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Your Estate Plan: Is it Time to Share?

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Posted on Dec 19, 2012 | Share this post: Like Us on Facebook Join Us on Google Follow Us on Twitter

Adult children with aging parents or aging parents with adult children may be wondering, “Is this the holiday season to have ‘the talk’ about finances?”

A recent survey from Fidelity revealed that there’s a knowledge gap between grown kids and their parents when it comes to retirement and estate planning.  Examples of the disconnect:

  • 24% of children believe they will have to help their parents financially in retirement, while 97% of parents say they will not need help.
  • 97% of parents and children disagree on whether a child will take care of their parents if they become ill.
  • Children underestimate the value of their parent’s estate by an average of more than $100,000.

Articles about the survey suggested that this lack of awareness is a big problem, and everyone needs to get to the table and talk turkey.

At Bogutz & Gordon, this topic comes up fairly frequently.  Attorneys here recommend that  a couple of details should absolutely be shared, but a total tell-all is not necessary.  Every family is different and every situation is different, and ultimately it’s up to an individual to decide how much children or other beneficiaries need to know.

As far as your overall estate plan, at least let loved ones know there is one.  Your loved ones also should know where they can locate the original documents.  If the originals are with an attorney, share the name of the firm or where to find information about the law office.  If the originals are in a safe deposit box or stashed away in the home office, make sure someone has access to the safe deposit box or has a general sense of where to find the documents in the house.

In addition, it’s a good idea to let the agents of both medical and financial powers of attorney know that you have selected them for those specific roles.

The documents everyone should consider sharing are your medical power of attorney, which names a person (or persons) to make medical decisions if you are not able to, and your Living Will, which explicitly states what kind of care you wish to have — or not have.  Unlike any of the other documents in a typical estate plan, these documents might be needed in an emergency, in the middle of the night after an accident or a sudden ambulance trip to the hospital.  Making sure your agent has a copy of their powers and your wishes can make those situations easier.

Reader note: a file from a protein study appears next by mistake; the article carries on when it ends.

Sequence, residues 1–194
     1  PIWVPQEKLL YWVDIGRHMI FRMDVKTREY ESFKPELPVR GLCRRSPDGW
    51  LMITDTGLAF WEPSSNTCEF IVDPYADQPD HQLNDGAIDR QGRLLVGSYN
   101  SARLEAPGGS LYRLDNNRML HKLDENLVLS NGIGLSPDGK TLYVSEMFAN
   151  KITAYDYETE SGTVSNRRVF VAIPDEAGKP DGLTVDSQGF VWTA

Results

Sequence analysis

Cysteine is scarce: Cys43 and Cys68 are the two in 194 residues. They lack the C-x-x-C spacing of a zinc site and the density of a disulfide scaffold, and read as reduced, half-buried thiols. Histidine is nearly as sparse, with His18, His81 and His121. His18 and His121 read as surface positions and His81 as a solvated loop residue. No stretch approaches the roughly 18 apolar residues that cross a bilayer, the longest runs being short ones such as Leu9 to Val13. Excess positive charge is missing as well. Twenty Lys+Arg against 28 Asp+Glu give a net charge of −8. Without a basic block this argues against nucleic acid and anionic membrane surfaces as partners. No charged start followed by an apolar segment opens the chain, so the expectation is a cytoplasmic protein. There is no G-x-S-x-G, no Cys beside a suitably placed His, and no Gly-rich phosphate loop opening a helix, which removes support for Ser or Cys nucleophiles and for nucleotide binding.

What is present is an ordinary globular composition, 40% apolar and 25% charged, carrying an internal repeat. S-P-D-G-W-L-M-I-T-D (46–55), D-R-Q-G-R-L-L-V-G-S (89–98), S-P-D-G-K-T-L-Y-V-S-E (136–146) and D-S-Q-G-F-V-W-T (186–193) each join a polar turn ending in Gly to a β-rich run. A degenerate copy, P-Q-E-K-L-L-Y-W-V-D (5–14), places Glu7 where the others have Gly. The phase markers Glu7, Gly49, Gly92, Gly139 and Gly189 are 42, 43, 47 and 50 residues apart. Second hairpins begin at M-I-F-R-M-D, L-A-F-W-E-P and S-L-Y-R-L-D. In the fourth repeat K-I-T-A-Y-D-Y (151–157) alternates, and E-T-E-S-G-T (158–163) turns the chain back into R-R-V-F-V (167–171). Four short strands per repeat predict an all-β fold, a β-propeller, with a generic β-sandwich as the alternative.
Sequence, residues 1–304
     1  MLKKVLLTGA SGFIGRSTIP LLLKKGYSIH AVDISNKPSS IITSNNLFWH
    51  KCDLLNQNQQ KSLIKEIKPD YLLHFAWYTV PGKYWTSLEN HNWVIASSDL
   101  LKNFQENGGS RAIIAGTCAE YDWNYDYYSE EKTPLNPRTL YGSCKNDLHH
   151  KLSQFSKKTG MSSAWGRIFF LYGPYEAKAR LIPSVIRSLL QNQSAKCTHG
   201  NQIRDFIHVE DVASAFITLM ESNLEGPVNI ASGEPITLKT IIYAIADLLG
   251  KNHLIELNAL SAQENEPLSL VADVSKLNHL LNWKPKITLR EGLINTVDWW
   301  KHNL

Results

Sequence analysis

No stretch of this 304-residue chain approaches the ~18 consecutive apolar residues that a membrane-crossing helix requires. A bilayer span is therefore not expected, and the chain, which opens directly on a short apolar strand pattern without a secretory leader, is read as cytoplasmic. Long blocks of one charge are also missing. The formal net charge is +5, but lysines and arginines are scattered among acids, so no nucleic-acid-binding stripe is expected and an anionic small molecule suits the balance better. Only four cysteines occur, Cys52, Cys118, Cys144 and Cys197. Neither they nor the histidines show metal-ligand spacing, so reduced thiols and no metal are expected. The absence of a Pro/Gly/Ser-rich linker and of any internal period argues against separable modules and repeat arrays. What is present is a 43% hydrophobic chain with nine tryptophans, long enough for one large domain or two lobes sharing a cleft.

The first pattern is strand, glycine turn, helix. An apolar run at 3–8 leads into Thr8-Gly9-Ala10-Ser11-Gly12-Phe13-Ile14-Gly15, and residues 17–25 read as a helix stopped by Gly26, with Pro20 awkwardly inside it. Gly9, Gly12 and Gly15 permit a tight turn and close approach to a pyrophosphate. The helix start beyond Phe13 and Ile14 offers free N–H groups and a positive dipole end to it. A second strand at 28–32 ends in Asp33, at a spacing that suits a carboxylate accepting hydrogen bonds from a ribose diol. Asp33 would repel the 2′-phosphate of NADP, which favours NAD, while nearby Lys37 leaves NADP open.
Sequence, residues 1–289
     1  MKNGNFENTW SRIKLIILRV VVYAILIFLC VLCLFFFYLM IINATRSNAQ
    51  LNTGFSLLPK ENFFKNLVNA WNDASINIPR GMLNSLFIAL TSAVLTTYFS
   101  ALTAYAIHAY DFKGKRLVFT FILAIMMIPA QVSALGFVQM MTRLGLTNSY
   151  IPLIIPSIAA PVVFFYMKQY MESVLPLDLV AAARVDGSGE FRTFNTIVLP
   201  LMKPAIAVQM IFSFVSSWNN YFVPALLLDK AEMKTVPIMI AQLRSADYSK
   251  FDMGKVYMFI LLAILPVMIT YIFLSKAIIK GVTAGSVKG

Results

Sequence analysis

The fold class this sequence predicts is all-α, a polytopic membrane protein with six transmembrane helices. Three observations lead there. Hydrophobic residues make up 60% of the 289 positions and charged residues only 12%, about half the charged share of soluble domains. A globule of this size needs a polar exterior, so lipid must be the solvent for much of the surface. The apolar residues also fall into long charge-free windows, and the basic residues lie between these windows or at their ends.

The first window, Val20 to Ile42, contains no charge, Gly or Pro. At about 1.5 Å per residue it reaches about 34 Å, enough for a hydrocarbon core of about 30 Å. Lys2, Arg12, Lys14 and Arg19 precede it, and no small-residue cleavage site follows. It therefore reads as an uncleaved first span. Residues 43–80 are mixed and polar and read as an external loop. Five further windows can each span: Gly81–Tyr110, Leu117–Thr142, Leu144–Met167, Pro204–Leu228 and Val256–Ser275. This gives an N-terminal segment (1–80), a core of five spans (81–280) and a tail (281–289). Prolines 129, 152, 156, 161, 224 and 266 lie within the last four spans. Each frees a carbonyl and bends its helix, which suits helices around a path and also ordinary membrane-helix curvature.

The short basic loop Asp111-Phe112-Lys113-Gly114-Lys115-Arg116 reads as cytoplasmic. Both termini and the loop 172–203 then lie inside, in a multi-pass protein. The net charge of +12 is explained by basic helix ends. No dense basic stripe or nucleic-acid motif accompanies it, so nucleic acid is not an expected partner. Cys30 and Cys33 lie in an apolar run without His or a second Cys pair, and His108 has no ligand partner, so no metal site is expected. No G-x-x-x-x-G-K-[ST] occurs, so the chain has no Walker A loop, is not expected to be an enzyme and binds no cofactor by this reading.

Sharing the Living Will with other loved ones also can give everyone a chance to discuss the issues and give family members some comfort, if the time comes when the document must be used, that the document expresses your true intent.  Family members and/or the person chosen to carry out your wishes won’t be left wondering whether the decision to, say, withhold life support, was simply part of the attorney’s boilerplate language and was never read.   In addition to your health care wishes, your medical agent should know whether you have a funeral or burial plan.

For your financial power of attorney, the agent’s job will be easier if you make sure he or she knows where to find information regarding bill paying, where your accounts are, and who your financial advisor is if you have one.  You need not disclose any particular details of your financial situation, however.

If you think your family would benefit from a more in-depth discussion, here are some resources that can help you get the conversation started: quick tips from Forbes, more meaty ideas from Fidelity,  and an article on using formal mediation techniques.

Contributing: Teresa Lancaster, Ana Perez-Arrieta, Benjamin J. Burnside, and Craig Wisnom